Why India’s Electric Vehicle Charging Revolution Is Imminent
Both the Indian government and private players are pushing towards creating a comprehensive EV charging infrastructure in the country
That EVs (electric vehicles) are here to stay is a given. Even the most passionate ICE fans would not argue against the immense benefits EVs bring to the table. For instance, the MG ZS EV has zero emissions, runs quieter than the smoothest ICE vehicle you can find today, and has a much lower cost of ownership than fossil fuel-powered vehicles.
But for most aspiring EV buyers, the biggest apprehension with electric vehicles is the associated range anxiety. However, going by the recent amendments to the government’s EV charging infrastructure policy, range anxiety isn’t likely to remain a sticking point for long.
A Game-changing Public EV Charging Roadmap
With the aim of meeting its target of 30 per cent electric vehicles and green mobility by 2030, the Indian government recently amended its EV charging guidelines. The tweaks to the policy will fast-track the creation of a comprehensive EV charging infrastructure throughout India. Some major aspects of the amended policy are:
A minimum of one charging station per 3 sq. km. radius in cities and per 25km on both sides of highways within cities.
Fast-charging stations at every 100km on both sides of inter-city highways.
Electricity distribution companies (DISCOMs) to facilitate setting up of EV charging in private homes/offices.
Individuals/entities can set up PCS (public charging stations) without a licence
Electricity used to charge EVs from home outlets will be akin to domestic consumption and charged accordingly.
The government has also left the choice of the type of EV charger to public charging station owners. That means PCS owners can choose from Type-2 AC, CCS, CHAdeMO, and Bharat AC 001 chargers for their stations. The policy changes have also left the door open for other types of fast, moderate, and slow chargers developed in future after due DST/BIS approval.
How Do These Policy Changes Benefit You?
To sum it up, EV owners can soon enjoy the same kind of range flexibility as their ICE vehicle counterparts.
The removal of bureaucratic hurdles such as licence requirements will encourage more individuals and entities to set up public charging stations. This will enable cars like the MG ZS to charge up to 80 per cent in just 50 minutes at charging stations in cities and on highways. So whether it’s your local commutes or long-distance drives out of city limits, you will never have to deal with range anxiety.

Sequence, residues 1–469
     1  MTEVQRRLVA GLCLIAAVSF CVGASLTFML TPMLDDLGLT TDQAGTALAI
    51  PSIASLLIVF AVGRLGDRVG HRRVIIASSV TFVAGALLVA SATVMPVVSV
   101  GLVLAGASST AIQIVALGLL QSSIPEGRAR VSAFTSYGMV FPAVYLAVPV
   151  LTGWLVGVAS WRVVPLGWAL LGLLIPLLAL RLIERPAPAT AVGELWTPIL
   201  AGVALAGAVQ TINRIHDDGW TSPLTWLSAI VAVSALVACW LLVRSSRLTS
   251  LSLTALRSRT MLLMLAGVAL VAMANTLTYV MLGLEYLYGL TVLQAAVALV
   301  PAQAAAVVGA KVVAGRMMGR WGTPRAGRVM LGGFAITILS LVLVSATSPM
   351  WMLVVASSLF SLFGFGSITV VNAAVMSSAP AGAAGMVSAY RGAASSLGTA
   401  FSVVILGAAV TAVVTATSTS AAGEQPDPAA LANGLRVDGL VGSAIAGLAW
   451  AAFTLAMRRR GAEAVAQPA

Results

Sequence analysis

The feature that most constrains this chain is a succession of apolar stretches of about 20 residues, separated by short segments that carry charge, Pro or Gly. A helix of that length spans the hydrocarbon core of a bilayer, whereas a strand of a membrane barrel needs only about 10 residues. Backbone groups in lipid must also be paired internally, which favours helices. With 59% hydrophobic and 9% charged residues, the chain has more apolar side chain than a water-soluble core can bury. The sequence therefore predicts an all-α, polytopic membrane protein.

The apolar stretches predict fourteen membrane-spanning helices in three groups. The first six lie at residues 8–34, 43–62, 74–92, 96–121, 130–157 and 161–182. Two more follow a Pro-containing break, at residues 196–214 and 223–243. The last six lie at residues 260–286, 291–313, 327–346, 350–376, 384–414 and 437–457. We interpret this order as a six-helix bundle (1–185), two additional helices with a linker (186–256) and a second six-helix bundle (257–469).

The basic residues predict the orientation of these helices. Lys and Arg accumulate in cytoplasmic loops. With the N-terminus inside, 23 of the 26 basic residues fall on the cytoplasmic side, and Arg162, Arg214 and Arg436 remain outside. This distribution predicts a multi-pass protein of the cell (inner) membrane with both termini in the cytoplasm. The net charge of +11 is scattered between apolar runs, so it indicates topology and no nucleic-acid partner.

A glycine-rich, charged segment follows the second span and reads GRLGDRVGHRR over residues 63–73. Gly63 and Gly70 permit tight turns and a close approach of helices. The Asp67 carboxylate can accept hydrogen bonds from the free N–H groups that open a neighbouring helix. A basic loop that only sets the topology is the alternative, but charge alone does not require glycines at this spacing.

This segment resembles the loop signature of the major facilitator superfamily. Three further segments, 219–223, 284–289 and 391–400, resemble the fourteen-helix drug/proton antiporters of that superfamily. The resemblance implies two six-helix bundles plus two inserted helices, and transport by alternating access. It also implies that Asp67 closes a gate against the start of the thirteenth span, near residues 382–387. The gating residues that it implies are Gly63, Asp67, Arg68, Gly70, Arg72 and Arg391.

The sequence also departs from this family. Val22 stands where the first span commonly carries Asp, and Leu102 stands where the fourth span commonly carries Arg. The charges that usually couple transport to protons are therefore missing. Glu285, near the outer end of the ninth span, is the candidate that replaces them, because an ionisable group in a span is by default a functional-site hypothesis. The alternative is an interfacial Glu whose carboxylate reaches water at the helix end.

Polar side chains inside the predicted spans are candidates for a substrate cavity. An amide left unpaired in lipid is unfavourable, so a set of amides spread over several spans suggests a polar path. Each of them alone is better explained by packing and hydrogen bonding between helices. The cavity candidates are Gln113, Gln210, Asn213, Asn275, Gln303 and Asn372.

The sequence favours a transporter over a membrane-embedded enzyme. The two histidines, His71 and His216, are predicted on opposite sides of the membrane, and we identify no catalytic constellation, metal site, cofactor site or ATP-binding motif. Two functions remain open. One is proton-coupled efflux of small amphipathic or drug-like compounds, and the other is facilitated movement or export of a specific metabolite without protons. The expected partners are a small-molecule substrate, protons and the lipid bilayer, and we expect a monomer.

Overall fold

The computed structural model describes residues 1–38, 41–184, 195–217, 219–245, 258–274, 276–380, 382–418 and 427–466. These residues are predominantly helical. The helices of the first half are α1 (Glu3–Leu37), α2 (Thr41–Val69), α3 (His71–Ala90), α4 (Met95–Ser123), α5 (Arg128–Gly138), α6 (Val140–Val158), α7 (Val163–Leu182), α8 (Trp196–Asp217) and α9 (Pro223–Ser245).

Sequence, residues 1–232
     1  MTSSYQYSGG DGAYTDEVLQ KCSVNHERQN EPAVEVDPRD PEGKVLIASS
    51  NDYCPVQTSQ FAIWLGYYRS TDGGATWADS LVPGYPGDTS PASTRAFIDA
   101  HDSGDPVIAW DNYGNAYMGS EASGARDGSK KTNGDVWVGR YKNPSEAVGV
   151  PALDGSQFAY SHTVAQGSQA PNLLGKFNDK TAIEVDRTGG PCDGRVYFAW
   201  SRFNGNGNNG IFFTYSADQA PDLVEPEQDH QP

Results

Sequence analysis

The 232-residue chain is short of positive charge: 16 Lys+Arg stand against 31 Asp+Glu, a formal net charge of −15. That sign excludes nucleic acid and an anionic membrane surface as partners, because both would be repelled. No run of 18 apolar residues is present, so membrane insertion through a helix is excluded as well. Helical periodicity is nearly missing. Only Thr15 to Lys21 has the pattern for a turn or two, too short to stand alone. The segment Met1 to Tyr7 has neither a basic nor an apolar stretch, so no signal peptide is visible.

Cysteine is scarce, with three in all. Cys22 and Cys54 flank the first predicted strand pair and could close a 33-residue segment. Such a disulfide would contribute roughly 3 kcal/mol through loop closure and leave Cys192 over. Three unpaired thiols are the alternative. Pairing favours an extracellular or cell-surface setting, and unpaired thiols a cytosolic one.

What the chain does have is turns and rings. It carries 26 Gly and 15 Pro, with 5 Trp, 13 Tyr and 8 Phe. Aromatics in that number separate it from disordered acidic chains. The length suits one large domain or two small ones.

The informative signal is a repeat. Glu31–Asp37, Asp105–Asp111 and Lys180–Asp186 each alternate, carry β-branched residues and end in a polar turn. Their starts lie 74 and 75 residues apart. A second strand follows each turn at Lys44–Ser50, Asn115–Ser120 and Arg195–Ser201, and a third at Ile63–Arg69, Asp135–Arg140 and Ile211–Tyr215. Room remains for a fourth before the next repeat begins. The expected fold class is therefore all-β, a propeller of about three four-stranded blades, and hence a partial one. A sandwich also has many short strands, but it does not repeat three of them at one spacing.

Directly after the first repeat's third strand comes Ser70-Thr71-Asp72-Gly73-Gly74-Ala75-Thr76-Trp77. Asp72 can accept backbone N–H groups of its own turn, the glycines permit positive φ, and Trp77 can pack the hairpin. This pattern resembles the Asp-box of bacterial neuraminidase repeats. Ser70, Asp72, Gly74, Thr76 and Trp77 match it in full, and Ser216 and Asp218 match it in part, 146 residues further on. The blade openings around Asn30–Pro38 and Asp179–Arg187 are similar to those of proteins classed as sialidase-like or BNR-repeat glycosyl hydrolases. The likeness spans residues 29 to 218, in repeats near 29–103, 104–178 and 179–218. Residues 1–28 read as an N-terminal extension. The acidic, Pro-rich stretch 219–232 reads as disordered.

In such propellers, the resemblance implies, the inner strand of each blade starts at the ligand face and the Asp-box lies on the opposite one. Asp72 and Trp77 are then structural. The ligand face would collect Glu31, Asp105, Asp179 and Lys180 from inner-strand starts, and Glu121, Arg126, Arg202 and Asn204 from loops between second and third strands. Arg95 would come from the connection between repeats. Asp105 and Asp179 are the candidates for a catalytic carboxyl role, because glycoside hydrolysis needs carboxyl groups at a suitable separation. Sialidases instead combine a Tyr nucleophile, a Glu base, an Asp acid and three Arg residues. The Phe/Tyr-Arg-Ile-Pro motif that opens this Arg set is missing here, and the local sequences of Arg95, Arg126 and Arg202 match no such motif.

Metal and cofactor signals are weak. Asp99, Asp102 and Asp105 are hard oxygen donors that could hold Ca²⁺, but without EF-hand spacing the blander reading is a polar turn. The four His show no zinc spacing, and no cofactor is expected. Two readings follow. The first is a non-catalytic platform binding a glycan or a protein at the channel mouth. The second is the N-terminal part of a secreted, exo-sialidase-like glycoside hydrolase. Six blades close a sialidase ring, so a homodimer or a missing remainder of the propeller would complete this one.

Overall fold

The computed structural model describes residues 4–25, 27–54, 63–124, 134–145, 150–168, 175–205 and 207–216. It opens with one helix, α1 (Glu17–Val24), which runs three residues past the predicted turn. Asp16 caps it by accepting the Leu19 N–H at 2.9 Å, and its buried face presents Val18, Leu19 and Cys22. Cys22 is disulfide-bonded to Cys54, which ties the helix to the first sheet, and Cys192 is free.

The amendments also make it easier and more affordable to charge your EV at home. That is because DISCOMs will not only facilitate the installation of private EV chargers for homes/offices but also bill private charging as per domestic consumption rates.
This amounts to significant savings in the case of MG India, which partners with Delta Electronics and Exicom Tele-Systems to install a Type-2 7.4kW AC wall charger at your home/office free of cost. This charger lets you fully charge the ZS EV in just 6-8 hours.
Private Players Are Getting In On The Action
These new amendments are expected to further encourage private players into investing in India’s EV charging infrastructure. Companies like MG India have already taken a lead in this space by partnering with Fortum Charge and Drive India to install 50kW DC fast chargers with both CCS and CHAdeMO connectors at its various dealerships. These fast chargers are capable of charging the MG ZS from 0-80 per cent in a mere 50 minutes. In terms of range, that equates to 270km worth of charge in less than an hour.
Going Electric Will Get Easier
Government policy is often the first step towards any major change in the automotive industry -- like the discontinuation of new 2-stroke vehicles, introduction of cleaner fuel standards, and improvement of vehicle safety norms. And with these new user- and investor-friendly changes, India’s EV charging infrastructure is well on its way to becoming as widespread as conventional fuel networks.
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